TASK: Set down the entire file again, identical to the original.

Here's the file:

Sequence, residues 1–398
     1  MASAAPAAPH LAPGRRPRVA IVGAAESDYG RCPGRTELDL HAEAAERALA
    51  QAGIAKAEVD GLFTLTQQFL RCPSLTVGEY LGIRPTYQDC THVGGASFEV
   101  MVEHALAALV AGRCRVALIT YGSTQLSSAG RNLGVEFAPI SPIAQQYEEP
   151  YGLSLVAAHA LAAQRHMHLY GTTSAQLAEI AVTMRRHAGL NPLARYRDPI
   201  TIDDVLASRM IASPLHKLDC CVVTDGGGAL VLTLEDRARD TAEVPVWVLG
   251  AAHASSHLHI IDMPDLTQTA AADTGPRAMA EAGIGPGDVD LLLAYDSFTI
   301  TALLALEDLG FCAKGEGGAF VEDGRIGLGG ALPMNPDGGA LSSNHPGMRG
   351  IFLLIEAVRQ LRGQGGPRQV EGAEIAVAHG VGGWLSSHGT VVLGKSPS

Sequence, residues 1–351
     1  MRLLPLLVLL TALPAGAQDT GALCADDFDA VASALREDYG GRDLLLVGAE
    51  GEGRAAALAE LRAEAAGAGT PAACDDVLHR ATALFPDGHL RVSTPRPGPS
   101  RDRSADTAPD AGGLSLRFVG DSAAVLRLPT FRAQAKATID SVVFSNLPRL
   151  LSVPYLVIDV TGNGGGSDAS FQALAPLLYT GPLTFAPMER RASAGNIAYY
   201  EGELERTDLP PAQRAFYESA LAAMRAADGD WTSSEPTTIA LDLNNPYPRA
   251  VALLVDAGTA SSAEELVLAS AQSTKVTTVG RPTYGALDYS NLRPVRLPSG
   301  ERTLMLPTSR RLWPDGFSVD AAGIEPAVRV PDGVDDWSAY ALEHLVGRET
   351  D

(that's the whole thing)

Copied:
Sequence, residues 1–398
     1  MASAAPAAPH LAPGRRPRVA IVGAAESDYG RCPGRTELDL HAEAAERALA
    51  QAGIAKAEVD GLFTLTQQFL RCPSLTVGEY LGIRPTYQDC THVGGASFEV
   101  MVEHALAALV AGRCRVALIT YGSTQLSSAG RNLGVEFAPI SPIAQQYEEP
   151  YGLSLVAAHA LAAQRHMHLY GTTSAQLAEI AVTMRRHAGL NPLARYRDPI
   201  TIDDVLASRM IASPLHKLDC CVVTDGGGAL VLTLEDRARD TAEVPVWVLG
   251  AAHASSHLHI IDMPDLTQTA AADTGPRAMA EAGIGPGDVD LLLAYDSFTI
   301  TALLALEDLG FCAKGEGGAF VEDGRIGLGG ALPMNPDGGA LSSNHPGMRG
   351  IFLLIEAVRQ LRGQGGPRQV EGAEIAVAHG VGGWLSSHGT VVLGKSPS

Sequence, residues 1–351
     1  MRLLPLLVLL TALPAGAQDT GALCADDFDA VASALREDYG GRDLLLVGAE
    51  GEGRAAALAE LRAEAAGAGT PAACDDVLHR ATALFPDGHL RVSTPRPGPS
   101  RDRSADTAPD AGGLSLRFVG DSAAVLRLPT FRAQAKATID SVVFSNLPRL
   151  LSVPYLVIDV TGNGGGSDAS FQALAPLLYT GPLTFAPMER RASAGNIAYY
   201  EGELERTDLP PAQRAFYESA LAAMRAADGD WTSSEPTTIA LDLNNPYPRA
   251  VALLVDAGTA SSAEELVLAS AQSTKVTTVG RPTYGALDYS NLRPVRLPSG
   301  ERTLMLPTSR RLWPDGFSVD AAGIEPAVRV PDGVDDWSAY ALEHLVGRET
   351  D